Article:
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Well, almost immediately. Columbus, Ohio's Two Cow Garage
has more or less been adopted by KC at this point, and they were just taking the stage. Lead singer Micah Schnabel's vocals are fascinating, like he has swallowed an ashtray and washed it down with a bottle of something cheap, but there's a ferocious power there. The three-piece played their songs like they were leading a charge with them, and I felt like Two Cow Garage was probably the kind of band whose members would want to be buried in their sweaty, postshow T-shirts.
After a margarita-and-phone-charging break, I was back at Shangri-La for Katy Guillen and the Girls
- easily one of my top favorite acts in Kansas City right now, and I don't even care that I'm supposed to be impartial about it. Offstage, Guillen is unassuming. Onstage, she is wild. She shreds her guitar like this is all just child's play for her - I wouldn't want to put a gun in her hands - and pulls some impressive faces while she's doing it.
Katy Guillen and the Girls morphed into Claire and the Crowded Stage
as Guillen's bassist Claire Adams took center stage. Five others joined her: a violinist, an accordionist, a clarinetist, a keyboard player and another drummer. Crowded, indeed. It was all the best kinds of sounds: joyful, raucous stuff, and perfectly danceable. The adorable Australian vendors inside the Royale with Cheese food cart to stage right were dancing as they cooked grilled cheeses and fried home fries. It was a perfect time: the Austin weather had chilled out a bit, and Shangri-La was comfortably full. If only all the showcases were this accessible.
But we couldn't hide out in our comfort zone - especially when there were so many more new things to see. At the Dickies stage at Bangers, the NYC trio turned touring five-piece, Misterwives
, brought some high-energy pop. I mean, like, really high-energy: lead singer Mandy Lee might be petite, but she has Red Bull running through her veins. She twirled, danced and bounced all over the stage, never once lost her smile. I ran into Isaac Gale from the Marijuana Deathsquads. "They sound like a Disney band," he said. Not inaccurate.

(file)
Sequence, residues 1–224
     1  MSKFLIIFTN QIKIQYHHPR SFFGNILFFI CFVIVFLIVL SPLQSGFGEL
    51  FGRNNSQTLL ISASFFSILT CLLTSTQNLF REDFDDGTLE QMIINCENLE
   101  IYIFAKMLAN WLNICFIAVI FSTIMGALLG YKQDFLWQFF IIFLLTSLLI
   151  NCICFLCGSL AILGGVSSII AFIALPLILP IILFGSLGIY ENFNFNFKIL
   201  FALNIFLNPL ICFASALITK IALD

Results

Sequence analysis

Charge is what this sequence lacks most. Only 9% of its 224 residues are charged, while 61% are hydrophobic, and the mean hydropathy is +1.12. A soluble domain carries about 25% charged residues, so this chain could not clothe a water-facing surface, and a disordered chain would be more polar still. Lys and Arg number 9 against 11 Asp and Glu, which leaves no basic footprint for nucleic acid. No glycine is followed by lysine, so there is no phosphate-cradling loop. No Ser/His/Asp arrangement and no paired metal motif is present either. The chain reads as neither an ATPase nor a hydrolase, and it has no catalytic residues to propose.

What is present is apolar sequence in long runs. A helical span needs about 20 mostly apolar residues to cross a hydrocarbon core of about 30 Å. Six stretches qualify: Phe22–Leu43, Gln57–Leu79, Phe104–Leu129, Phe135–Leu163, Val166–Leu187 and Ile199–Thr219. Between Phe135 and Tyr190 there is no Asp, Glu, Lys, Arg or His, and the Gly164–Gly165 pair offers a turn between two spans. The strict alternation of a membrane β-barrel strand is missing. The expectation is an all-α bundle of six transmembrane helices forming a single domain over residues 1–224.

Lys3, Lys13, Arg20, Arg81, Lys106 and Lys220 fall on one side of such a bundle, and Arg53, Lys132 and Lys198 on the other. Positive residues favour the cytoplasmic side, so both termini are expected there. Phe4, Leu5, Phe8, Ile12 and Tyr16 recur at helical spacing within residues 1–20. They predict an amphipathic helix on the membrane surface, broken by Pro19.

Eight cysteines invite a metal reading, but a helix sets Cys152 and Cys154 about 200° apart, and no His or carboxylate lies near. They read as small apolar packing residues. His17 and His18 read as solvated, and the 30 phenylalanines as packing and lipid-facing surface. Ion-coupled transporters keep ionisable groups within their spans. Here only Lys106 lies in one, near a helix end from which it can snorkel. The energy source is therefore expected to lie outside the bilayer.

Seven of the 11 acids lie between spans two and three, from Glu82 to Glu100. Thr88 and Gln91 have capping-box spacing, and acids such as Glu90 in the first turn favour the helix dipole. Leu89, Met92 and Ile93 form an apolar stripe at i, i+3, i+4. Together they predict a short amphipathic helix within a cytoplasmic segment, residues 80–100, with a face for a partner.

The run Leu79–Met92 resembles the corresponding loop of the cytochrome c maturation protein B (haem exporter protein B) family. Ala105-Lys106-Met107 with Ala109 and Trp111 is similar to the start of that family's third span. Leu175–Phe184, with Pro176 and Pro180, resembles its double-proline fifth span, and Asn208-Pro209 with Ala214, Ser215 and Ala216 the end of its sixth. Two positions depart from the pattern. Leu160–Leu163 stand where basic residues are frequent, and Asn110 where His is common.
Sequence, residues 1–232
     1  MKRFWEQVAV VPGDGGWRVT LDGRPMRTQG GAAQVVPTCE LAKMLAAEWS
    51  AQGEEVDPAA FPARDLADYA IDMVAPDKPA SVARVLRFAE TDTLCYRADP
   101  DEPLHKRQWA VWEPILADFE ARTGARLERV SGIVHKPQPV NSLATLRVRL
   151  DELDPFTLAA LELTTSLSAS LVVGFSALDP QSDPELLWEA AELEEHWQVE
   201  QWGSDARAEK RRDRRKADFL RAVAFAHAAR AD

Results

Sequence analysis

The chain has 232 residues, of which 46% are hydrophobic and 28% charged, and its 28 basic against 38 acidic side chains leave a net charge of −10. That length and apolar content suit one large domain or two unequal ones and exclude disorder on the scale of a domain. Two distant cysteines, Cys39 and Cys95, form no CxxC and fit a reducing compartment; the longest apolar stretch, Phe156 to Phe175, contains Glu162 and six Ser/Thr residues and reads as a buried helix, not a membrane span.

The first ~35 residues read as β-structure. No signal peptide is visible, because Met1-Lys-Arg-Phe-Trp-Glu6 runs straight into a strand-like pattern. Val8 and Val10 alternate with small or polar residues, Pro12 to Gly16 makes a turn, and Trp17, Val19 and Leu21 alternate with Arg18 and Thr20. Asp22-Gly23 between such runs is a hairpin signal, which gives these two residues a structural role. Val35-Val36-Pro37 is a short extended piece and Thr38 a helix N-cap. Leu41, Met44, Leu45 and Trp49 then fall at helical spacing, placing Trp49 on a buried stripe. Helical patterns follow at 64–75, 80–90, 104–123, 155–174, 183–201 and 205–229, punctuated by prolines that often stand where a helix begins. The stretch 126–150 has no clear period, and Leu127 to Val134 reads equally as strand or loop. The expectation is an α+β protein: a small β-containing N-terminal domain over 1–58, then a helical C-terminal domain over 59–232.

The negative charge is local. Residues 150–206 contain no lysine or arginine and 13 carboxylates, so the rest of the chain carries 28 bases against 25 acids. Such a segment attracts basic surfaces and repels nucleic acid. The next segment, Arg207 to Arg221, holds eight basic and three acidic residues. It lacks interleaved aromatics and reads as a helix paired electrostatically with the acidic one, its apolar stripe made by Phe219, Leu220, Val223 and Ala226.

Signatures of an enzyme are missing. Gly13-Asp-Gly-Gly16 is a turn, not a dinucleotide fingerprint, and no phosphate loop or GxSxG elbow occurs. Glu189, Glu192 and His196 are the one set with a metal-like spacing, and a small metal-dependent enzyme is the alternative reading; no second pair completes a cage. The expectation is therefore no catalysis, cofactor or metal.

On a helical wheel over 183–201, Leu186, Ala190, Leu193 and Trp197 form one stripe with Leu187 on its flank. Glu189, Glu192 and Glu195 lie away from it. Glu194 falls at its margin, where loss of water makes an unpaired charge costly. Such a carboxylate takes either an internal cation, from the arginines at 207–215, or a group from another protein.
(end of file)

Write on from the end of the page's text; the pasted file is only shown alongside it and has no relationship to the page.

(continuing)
was surreal. It had been a long time since I'd seen Channy Leaneagh perform, and I couldn't help but recall the very first time, in the fall of 2011, at the now-closed Nick and Eddie's in Minneapolis' Loring Park. It was Poliça's very first show as a band, and it was a brief, glimmering performance, full of promise. The show last night at Bangers was much different. Leaneagh has come into her own entirely as a performer, and she dominated the stage in every respect. Her sinewy frame moved with the synths as smoke engulfed the stage; sometimes, she seemed more dream than real, as though she was performing a choreographed piece.
Having missed Kurt Vile
on Tuesday, I was determined to catch him last night. We scooted down to Cheer Up Charlie's, passing a long line waiting at Stubb's for St. Vincent. Like many of the venues on East Sixth and Red River with larger acts lined up, both Stubb's and Charlie's were at capacity - a one-out, one-in kind of deal. Or sometimes one-out, three-in. I have no idea how anyone was keeping track of capacity, really.
But we got in for Vile. It was elbow-to-elbow, and I was dead on my feet at that point, but this set would not be ruined for me. Vile, who remained seated for his entire set, was nonetheless glorious. Vile's guitar was dark, and his spacious voice climbed up into the night air.
We decided to call it a night after that - 12 hours of walking and drinking and listening to music make for a hard life, man - but on our way out of Charlie's, there was a mess of cop cars and lights. You'll have heard the reports
by now about the drunk driver who came tearing down Red River Road, killing two people and injuring dozens more. It was altogether sobering, and hopefully something there won't be any more of this week.